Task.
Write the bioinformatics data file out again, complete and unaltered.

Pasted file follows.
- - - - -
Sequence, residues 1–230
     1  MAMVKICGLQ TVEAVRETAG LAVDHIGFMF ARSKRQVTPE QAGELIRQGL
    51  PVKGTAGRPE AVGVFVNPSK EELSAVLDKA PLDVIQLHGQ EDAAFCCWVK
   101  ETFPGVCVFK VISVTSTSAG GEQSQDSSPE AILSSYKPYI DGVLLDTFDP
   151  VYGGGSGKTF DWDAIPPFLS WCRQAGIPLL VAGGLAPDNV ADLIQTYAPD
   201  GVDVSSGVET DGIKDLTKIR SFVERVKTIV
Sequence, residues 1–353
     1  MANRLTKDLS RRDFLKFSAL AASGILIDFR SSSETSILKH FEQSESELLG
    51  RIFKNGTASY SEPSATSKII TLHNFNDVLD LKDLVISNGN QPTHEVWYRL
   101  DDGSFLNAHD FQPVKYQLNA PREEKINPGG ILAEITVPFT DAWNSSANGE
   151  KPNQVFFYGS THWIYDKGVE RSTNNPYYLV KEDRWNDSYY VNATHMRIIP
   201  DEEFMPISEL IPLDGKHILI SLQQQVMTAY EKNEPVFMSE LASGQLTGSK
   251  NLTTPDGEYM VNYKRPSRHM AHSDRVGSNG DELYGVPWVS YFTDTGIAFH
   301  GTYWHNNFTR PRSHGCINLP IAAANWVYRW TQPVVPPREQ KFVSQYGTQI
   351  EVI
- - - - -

Sequence, residues 1–230
     1  MAMVKICGLQ TVEAVRETAG LAVDHIGFMF ARSKRQVTPE QAGELIRQGL
    51  PVKGTAGRPE AVGVFVNPSK EELSAVLDKA PLDVIQLHGQ EDAAFCCWVK
   101  ETFPGVCVFK VISVTSTSAG GEQSQDSSPE AILSSYKPYI DGVLLDTFDP
   151  VYGGGSGKTF DWDAIPPFLS WCRQAGIPLL VAGGLAPDNV ADLIQTYAPD
   201  GVDVSSGVET DGIKDLTKIR SFVERVKTIV
Sequence, residues 1–353
     1  MANRLTKDLS RRDFLKFSAL AASGILIDFR SSSETSILKH FEQSESELLG
    51  RIFKNGTASY SEPSATSKII TLHNFNDVLD LKDLVISNGN QPTHEVWYRL
   101  DDGSFLNAHD FQPVKYQLNA PREEKINPGG ILAEITVPFT DAWNSSANGE
   151  KPNQVFFYGS THWIYDKGVE RSTNNPYYLV KEDRWNDSYY VNATHMRIIP
   201  DEEFMPISEL IPLDGKHILI SLQQQVMTAY EKNEPVFMSE LASGQLTGSK
   251  NLTTPDGEYM VNYKRPSRHM AHSDRVGSNG DELYGVPWVS YFTDTGIAFH
   301  GTYWHNNFTR PRSHGCINLP IAAANWVYRW TQPVVPPREQ KFVSQYGTQI
   351  EVI